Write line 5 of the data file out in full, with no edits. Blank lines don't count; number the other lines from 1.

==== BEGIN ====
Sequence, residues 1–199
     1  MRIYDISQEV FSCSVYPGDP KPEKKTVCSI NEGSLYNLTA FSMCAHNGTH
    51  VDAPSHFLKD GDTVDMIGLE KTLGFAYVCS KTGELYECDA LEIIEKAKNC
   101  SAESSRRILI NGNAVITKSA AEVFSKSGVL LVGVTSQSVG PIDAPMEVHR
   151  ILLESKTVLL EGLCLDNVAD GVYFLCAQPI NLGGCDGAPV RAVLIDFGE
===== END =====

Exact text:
   151  ILLESKTVLL EGLCLDNVAD GVYFLCAQPI NLGGCDGAPV RAVLIDFGE